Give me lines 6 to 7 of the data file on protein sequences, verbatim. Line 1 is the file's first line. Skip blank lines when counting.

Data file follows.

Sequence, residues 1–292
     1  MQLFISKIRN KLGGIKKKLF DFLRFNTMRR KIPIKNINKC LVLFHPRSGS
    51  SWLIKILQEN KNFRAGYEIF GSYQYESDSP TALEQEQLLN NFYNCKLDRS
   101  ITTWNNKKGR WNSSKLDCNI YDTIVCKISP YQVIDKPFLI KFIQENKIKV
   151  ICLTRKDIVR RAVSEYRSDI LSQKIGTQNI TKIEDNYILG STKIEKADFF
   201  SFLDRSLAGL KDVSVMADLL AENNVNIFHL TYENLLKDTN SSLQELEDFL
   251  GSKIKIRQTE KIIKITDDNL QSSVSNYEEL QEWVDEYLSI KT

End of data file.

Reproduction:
   201  SFLDRSLAGL KDVSVMADLL AENNVNIFHL TYENLLKDTN SSLQELEDFL
   251  GSKIKIRQTE KIIKITDDNL QSSVSNYEEL QEWVDEYLSI KT